A civilization is a complex culture with advanced writing, religion, and stable government. The word comes from the Latin civis, meaning “citizen.” Civilization is often contrasted with “primitive” or “tribal” societies that have modest subsistence economies and more egalitarian social relations. Many of these cultures also have less impressive arts and sciences.
The first civilizations developed along river valleys because these areas provided fertile land for farming. As food production increased, the need for protection from external robbers and the desire to develop large irrigation projects led to the development of governments. These early kings created armies, made laws, and controlled their populations.
In order to control their populations and maintain their agriculture, the people of a civilization had to be educated. This education included learning how to read and write. The earliest civilizations used cuneiform, which was a wedge-shaped system of writing. This allowed the scribes to keep records of taxes, trades, the sale of animals, and other government activities. Over time, the scribes were able to create a numbering system that allowed them to describe the amount of grain produced in a field.
As more people grew to live in cities, it became necessary to organize government structures to keep the peace. This led to the creation of schools, hospitals, churches, and government bureaus. These new forms of organization helped the people of a civilization to stay connected to each other, to work together in groups, and to share information.
Over time, as the technology of plows, irrigation, and pottery for storage was improved, the people of a civilization were able to grow more crops than their neighbors. They could even have enough extra to trade for what they needed in other areas of the world.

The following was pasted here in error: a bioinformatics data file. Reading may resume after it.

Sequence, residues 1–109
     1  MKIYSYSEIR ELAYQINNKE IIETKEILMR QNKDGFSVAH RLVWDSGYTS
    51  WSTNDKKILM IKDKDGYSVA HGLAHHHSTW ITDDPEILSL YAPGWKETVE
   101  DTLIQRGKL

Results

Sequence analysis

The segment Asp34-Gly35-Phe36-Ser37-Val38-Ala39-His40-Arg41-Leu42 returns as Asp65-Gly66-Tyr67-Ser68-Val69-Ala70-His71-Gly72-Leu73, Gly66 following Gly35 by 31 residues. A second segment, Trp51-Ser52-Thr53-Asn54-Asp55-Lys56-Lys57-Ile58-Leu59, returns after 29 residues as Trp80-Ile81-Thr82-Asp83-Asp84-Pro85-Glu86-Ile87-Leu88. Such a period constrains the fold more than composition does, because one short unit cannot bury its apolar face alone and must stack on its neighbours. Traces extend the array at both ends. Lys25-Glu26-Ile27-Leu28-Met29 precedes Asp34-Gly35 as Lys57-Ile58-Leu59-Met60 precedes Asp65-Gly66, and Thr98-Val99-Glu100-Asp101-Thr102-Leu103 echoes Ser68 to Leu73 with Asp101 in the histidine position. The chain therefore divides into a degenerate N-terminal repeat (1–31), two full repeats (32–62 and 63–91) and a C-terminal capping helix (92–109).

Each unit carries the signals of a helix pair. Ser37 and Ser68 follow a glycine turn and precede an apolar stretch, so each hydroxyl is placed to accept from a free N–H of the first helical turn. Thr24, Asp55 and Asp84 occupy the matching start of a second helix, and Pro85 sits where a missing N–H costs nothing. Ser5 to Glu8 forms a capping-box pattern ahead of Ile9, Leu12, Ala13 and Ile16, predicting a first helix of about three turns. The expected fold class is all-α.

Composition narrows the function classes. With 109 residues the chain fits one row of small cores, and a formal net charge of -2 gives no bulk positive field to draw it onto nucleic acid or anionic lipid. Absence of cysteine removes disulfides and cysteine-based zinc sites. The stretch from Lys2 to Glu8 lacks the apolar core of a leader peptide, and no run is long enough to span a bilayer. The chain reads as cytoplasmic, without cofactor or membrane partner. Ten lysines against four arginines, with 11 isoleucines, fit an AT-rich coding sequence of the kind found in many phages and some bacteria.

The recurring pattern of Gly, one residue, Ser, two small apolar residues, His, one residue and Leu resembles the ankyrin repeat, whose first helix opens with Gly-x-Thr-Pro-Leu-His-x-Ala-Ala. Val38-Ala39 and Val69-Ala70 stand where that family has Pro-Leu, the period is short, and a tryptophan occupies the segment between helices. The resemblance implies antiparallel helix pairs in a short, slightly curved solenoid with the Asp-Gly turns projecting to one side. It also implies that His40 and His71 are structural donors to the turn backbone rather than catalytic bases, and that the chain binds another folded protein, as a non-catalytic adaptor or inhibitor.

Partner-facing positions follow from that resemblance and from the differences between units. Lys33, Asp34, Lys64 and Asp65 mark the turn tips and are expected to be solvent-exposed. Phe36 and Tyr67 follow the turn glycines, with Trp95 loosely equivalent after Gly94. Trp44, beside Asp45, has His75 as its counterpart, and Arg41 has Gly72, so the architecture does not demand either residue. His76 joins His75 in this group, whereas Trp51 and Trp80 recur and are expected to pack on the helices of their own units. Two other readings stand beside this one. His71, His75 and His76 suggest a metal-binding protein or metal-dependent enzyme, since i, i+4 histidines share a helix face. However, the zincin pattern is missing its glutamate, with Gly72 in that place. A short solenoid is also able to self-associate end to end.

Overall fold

At the same time, people were able to specialize in different jobs. Some people were farmers, others worked as weavers, potters, and priests. The more a person specialized, the more they were valued in society. The best of these specialized workers would become priests, who performed religious ceremonies.
People of a civilization were also able to explore art, and make jewelry, paint, and sculpt sculptures. This allowed them to communicate with each other and express their emotions. The development of civilizations also created a richer sense of culture and history, and the ability to travel to places far away from home.
The most famous example of a civilization is ancient Rome, which spanned the Mediterranean, Europe, and parts of Asia. The Romans were able to achieve this level of cultural development because they had an efficient system of government administration and built strong infrastructures.
Some people believe that civilization is a natural phenomenon and that human nature is predisposed to developing cultural advancements. However, English biologist John Baker argues that this view is too simplistic. He claims that some races are biologically and evolutionarily predisposed to higher levels of cultural advancement, while other races are more naturally adapted to traditional cultures.